Skiles could have done his 30 days during the basketball season, but that was out of the question. He could have served his time at the conclusion of the academic semester. Forget that, too. When basketball ended, he chose jail. Student-athletic priorities.
And in 2014, even the President of the United States is in on it. Again.
Fascinating analysis from Phil, who might be the first columnist with the courage to point out that President Obama is the only elected leader to have ever taken an interest in college sports. And does this country deserve a President who has the common decency to predict an early exit for Michigan State based on something that happened 28 years ago?
While the Dodgers and Diamondbacks prepare to start the 2014 MLB Regular Season with a pair of games at this historic Sydney Cricket Ground, News.com.au’s Andrew Sharwood threatens to blow the lid off “the sordidness, the drudgery, the sheer boredom,” of professional baseball. It’s a rather hollow promise given that Sharwood has yet to interview Jonathan Papelbon, but here are a few of his mind-blowing findings just the same (link swiped from Repoz and Baseball Think Factory) :
Baseball players drink, partly because they don’t always need to be the most athletic specimens in the world of pro sports, but also to pass the time. These guys play up to 160 Games in a season in the Majors or 140 games at minor league level. That’s six games a week for six months. Each night, win or lose, their adrenalin is pumping. A beer or two or seven or eight helps.
All those games means a whole bunch of road trips. And road trips mean seedy hotels. At minor league level, a Holiday Inn is like the Hilton. More likely you’ll end up staying in some three star dump on a highway between Crapsville Illinois and Dumpsburg, Arkansas. Happily married and want your wife to accompany you on the road trip? Be prepared to dip into your own pocket for a double room.
Sportsmen, like many in the entertainment industry, tend to have higher divorce rates than the general population. This is especially true in baseball, where divorce rates are said to be as high as 60 per cent. Women don’t exactly throw themselves at minor leaguers either, contrary to what the movie Bull Durham might have told you. So if you are single and looking for action, you have to put in the legwork. Which brings us back to the point about booze.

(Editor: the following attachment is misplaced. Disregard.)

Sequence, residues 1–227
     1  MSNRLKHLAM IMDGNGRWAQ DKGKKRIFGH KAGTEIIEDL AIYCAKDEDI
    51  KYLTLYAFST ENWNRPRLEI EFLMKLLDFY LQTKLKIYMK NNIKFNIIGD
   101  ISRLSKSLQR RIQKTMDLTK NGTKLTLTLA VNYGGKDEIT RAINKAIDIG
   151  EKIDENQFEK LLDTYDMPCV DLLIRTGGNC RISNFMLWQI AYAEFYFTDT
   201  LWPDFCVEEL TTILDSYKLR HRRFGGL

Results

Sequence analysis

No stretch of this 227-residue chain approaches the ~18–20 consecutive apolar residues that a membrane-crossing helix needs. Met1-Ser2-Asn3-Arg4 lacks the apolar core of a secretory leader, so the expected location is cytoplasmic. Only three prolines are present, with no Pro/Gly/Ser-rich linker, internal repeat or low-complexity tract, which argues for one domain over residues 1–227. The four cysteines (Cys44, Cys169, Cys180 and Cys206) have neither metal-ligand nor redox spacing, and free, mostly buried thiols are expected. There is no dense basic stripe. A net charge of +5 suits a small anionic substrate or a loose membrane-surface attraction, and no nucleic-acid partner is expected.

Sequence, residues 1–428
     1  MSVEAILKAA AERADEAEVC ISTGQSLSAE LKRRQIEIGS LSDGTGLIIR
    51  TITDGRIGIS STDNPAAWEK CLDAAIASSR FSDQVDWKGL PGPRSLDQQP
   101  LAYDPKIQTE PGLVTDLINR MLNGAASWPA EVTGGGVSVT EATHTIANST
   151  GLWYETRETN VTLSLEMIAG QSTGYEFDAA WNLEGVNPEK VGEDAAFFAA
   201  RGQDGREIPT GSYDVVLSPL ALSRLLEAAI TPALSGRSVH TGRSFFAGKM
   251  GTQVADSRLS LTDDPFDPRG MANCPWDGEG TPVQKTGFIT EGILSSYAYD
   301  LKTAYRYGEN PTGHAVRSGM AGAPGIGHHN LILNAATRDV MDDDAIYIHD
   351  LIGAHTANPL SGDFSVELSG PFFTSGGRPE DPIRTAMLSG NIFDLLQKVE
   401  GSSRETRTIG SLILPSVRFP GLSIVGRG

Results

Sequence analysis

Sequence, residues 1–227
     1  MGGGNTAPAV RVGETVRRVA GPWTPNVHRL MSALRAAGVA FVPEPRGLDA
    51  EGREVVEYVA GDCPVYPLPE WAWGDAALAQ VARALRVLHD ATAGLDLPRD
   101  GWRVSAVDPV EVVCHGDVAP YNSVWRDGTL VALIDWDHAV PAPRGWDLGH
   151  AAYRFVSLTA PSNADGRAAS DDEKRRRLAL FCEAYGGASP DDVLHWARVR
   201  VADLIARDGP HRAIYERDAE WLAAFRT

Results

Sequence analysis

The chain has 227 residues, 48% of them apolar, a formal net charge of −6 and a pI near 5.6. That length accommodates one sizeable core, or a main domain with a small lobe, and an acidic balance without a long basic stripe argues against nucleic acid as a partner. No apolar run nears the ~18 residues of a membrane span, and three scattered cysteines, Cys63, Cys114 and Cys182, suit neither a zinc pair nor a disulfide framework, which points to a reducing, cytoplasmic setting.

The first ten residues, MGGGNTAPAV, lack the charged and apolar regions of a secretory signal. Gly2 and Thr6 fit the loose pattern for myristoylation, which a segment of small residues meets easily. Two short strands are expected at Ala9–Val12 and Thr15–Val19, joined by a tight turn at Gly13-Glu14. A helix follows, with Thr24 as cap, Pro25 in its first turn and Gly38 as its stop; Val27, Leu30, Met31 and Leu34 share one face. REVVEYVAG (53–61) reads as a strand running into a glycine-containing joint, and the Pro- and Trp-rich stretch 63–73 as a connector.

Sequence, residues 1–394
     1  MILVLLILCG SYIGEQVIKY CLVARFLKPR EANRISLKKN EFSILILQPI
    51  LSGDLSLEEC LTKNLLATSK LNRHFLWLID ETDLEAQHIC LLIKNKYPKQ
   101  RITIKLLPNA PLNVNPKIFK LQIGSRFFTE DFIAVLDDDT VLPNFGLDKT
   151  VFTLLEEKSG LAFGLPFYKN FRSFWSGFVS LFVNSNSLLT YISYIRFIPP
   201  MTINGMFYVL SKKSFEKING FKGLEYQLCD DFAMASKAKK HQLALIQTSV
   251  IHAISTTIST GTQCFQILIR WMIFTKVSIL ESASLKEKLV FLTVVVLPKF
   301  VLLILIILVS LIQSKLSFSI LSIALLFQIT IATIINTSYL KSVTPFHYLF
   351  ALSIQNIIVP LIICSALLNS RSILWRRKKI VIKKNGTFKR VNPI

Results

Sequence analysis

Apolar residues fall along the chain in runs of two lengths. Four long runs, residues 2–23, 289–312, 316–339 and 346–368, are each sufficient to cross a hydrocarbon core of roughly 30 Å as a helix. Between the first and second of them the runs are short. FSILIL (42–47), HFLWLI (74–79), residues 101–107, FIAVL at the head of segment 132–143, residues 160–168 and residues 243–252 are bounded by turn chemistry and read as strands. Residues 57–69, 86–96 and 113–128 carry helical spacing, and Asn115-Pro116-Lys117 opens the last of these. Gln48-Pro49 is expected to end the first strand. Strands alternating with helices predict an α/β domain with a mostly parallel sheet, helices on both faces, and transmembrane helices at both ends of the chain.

If you’re like me, you might be wondering where the downside is. Sharwood warns aspiring alcoholics looking for cheap sex at the Red Roof Inn that when they get home from one of these miserable minor league road trips, they’ll most likely be staying in a shithole apartment featuring, “fake granite benchtops in the kitchen and an artful, black-and-white framed poster-sized photograph portraying a forlorn figure crossing a bridge with an umbrella blown inwards by the wind.” “Could life be any bleaker?” asks Sharwood, presumably unaware that at one time or another, young people actually competed for the chance to replace Michael Hutchence in INXS.
Of Phil Jackson’s sudden ascendency to President of the New York Knicks, former (annual?) CSTB contributor David Roth writes, “If Jackson’s presence can remind the owner of what his role ought to be — signing checks, terrorizing underlings, buying bluesman hats online while terrorizing underlings — then Dolan’s impact on the team could be blessedly mitigated.” That’s what passes for guarded optimism these days, though Yahoo Sports’ Adrian Wojnarowski cannot help but harp on the lamest vanity project this side of Dogstar while warning, “just stay out of Zen’s way, just get lost now.”
When New York Knicks executives chased free agents in the summer of 2010, owner James Dolan made himself a part of the presentations. He isn’t the most engaging, enchanting man, but Dolan does fancy himself a musician. So, yes, there were player and agent meetings four years ago when Dolan delivered a parting gift on the way out of the room.